B.C. wants First Nations to agree before old-growth logging deferred on shared lands
The British Columbia government wants First Nations to reach consensus before logging is deferred in old-growth forests on shared Indigenous territories.
Tara Marsden, sustainability director for the Gitanyow Nation's hereditary chiefs' office in northwestern B.C., said consensus represents a “high bar” in a complex process, which was not made clear when Forests Ministry staff introduced the province's deferral plan last November.
“I think the public who are concerned about old growth need to know that high bar, that it's very challenging to work in this landscape with multiple nations,” said Marsden, the main point contact for her nation on deferrals.
Marsden said she had initially understood from the ministry's messaging that “if you support these (deferral areas), they're going to be protected.”
Instead, there was an “unspoken expectation” from the province that consensus among nations with overlapping territories was needed, she said.
The B.C. government announced last fall that an independent panel of ecologists and forestry experts had mapped 2.6 million hectares of old-growth forests at risk of permanent biodiversity loss. It asked 204 First Nations to determine within 30 days whether they supported the temporary deferral of logging in those areas, or if they needed more time to decide.
Forests Minister Katrine Conroy told The Canadian Press that if consensus on deferrals could not be reached among First Nations with overlapping or shared territories, the province would assess the strengths of their claims.
“We can't automatically go with one deferral over another if nations aren't in agreement,” Conroy said. “So we're trying to work that out and staff are working really hard with nations to look at, you know, what can we do to reach consensus, but in the end, it becomes an issue of strength of claim.”
Asked how often shared territories are affecting deferrals,Conroy said there have been “some issues with some nations, but it hasn't been a lot.”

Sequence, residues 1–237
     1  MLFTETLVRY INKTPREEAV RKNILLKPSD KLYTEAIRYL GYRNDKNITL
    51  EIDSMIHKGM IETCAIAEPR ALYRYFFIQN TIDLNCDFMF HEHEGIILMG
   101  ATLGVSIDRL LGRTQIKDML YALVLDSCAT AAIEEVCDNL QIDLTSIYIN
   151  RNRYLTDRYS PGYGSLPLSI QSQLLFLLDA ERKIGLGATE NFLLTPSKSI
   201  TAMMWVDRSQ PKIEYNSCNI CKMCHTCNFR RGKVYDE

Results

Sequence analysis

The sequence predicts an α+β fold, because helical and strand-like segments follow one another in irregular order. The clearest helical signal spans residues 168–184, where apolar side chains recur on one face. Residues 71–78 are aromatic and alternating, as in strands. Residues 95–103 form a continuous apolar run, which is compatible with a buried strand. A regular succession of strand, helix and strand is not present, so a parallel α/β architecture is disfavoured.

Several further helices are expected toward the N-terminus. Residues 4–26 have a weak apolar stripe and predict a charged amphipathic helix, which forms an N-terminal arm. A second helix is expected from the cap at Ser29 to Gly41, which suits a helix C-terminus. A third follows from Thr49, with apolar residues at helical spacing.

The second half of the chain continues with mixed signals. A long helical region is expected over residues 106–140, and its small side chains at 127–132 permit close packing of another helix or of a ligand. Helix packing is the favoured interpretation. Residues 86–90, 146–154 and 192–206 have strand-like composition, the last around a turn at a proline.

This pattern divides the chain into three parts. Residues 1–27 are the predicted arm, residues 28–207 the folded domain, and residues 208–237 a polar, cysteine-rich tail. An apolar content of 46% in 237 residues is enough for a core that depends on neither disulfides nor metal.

Any deferrals would initially last two years, allowing for consultation with First Nations about forestry in their territories, the minister said last fall.
After that, the at-risk old growth would either remain off limits for logging or be included in new, more sustainable management plans, she said.
Last month, Conroy announced that the province had so far approved logging deferral on 1.05 million hectares of old growth identified by the expert panel. Out of the 204 First Nations, the province had heard from 188, of which 75 had agreed to the deferrals in their territories, she said.
Meanwhile, about 7,200 hectares of the at-risk old growth have been logged since the government announced the deferral plan, the Forests Ministry said.
The province was clear that 50,000 hectares of the 2.6 million identified by the panel overlap with cutting permits approved before November, it said.
Marsden said her nation hadworked hard to review and confirm their support for the deferrals in Gitanyow territory before Christmas.
It wasn't until she followed up with Forests Ministry staff this month that a regional manager told Marsden the deferrals weren't going ahead.
Portions of the proposed deferrals overlap with an area affected by the Nisga'a Treaty, and Marsden said she was told the Nisga'a weren't supporting the deferrals because they're invested in the forest industry in those areas.
The Forests Ministry later told The Canadian Press the deferrals in Gitanyow territory were implemented “with the exception of a small localized area.”
A statement from the Nisga'a Lisims Government said the nation had yet to decide on the proposed deferral plan, “but instead continue to evaluate it and how it may affect our interests.”